Expect a Chinese rebound but don’t be too optimistic
February 22, 2023
February 22, 2023
China’s economy is on a post-COVID rebound and we’re optimistic about its short-term trajectory, but markets may be overly optimistic about the impact of Chinese consumers on the global economy. Nevertheless, it certainly reduces the risk of a global recession. Long-term, however, China may not be quite the economic engine it has been for the past few decades.
China seems to be well on its way to our 5.3% growth forecast for 2023, which is slightly higher than consensus (5.1% as I write this) and higher than our earlier estimate of 4.5% back in 2022.
We had expected China’s COVID exit strategy to be bumpy and gradual. It turned out to be even bumpier and not at all gradual after the country’s sudden reversal on its zero-COVID policy. China’s Center for Disease Control and Prevention estimates that 80% of the population has already been infected by COVID, so the nation may have already passed peak infection levels and achieved herd immunity, lowering the hurdles for further economic growth this year. This will likely have a positive impact not just on China but globally.
That said, recent surges in the global equity and commodity markets suggest that some may be overly optimistic about the impact China’s rebound will have on the rest of the world.
What’s causing this rosy outlook? Drawing upon experiences in the United States and other developed countries, some media and market watchers are anticipating what they call “revenge spending”—pent-up demand and accumulated savings after three years of COVID lockdowns leading to a tide of Chinese consumer spending that will lift all boats. Some have estimated that as much as RMB 4 trillion to 6 trillion of excess savings accumulated over the past three years may flood the world’s markets.
In our opinion, the actual range is substantial but more modest. Depending on different assumptions of the saving trend, we believe that China’s excess savings over the past three years could be in the range of RMB 1.5 trillion to 4 trillion, but closer to the lower end—roughly RMB 2 trillion, or USD 295 billion.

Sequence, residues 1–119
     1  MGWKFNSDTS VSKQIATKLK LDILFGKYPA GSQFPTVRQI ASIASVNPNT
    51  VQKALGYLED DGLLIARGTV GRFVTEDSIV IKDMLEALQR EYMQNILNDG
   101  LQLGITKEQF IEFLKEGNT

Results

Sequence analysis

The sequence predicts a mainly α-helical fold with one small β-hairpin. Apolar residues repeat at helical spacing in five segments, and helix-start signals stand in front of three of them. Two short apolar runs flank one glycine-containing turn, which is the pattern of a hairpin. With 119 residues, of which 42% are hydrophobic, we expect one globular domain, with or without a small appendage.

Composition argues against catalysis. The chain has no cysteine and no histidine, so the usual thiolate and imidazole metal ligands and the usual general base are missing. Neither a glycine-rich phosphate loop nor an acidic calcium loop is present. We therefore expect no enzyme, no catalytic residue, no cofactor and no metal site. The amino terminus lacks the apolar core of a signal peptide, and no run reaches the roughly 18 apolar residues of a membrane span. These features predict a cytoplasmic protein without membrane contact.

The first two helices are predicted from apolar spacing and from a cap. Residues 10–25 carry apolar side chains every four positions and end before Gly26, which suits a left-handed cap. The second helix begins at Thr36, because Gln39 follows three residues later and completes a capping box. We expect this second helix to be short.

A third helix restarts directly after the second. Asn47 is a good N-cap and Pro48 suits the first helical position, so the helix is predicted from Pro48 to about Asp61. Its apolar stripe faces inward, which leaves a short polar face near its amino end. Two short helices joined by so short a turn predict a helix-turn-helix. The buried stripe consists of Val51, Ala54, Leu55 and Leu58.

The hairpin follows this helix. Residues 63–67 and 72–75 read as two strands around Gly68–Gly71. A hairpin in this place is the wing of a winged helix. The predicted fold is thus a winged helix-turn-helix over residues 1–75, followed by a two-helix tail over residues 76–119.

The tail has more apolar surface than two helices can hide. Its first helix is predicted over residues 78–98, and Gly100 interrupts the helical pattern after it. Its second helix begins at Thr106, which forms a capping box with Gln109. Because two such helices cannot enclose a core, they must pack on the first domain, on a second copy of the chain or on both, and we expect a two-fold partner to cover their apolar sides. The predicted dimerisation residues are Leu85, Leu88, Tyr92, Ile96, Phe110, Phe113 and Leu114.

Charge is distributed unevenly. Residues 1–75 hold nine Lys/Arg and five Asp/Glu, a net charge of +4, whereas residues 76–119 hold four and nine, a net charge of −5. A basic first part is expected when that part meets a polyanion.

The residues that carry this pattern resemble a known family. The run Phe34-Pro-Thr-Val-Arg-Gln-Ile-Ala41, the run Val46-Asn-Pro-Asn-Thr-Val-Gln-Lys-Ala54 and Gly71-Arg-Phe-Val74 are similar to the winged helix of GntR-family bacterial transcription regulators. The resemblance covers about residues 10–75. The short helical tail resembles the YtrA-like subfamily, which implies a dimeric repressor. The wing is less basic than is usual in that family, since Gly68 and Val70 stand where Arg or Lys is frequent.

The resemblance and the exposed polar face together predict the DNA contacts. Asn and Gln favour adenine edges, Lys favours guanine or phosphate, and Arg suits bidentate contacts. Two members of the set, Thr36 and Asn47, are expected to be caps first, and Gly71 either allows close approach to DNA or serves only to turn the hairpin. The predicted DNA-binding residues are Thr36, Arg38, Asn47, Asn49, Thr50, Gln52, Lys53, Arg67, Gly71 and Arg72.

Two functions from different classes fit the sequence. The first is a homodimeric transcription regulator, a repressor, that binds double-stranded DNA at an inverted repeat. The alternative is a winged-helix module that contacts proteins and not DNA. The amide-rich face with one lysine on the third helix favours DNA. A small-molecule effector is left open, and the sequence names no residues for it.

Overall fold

Several factors play into our more moderate estimate of the impact:
Any immediate rebound in consumption could come from the well-off in China more than the common laborer. When the affluent do spend, the immediate beneficiaries will likely be the makers of luxury goods, the tourism industry, and educational services.
In pre-COVID 2019, Chinese travelers accounted for roughly 20% of all tourism spending, according to data from the World Trade Organization. If that type of spending pattern resumes for 2023, the economies most likely to benefit are those in Asia. (Nine of the top 10 countries most visited by Chinese tourists in 2019 were in Asia.)
Educational services—primarily overseas study at universities—will also likely rebound, mainly in Australia, the United Kingdom, and the United States.
A rebound in China’s economy, particularly for travel, will also benefit exporters of commodities such as oil and natural gas. However, this also means higher inflationary pressures that present a challenge for central banks.
China already accounts for about 20% of the global economy. Any rebound in its demand for imported goods and services will have a positive impact, if not necessarily of the magnitude others might expect.
Last year, we estimated that the likelihood of a global recession in 2023 was roughly 50/50. With China rebounding at our projected rate, we believe that chance is now less than 50%. (The World Bank defines a global recession as an annual contraction in world real per capita GDP accompanied by a broad decline in various other measures of global economic activity.)
Despite the cyclical upturn, our long-term outlook for China is cautious. As we pointed out in our 2021 paper, China has several structural challenges—among them, an aging population, fading globalization, and a retreating private sector—and that hasn’t changed. China’s population fell in 2022 for the first time since 1961. China might grow old before it becomes rich.
Over the long run, China’s annual GDP growth may fall to the 3%‒4% range or lower—still healthy and more sustainable, but not quite the economic engine that has helped boost the global economy in recent decades.
For now, China may provide just enough impetus to keep the world economy from dipping into a recession.
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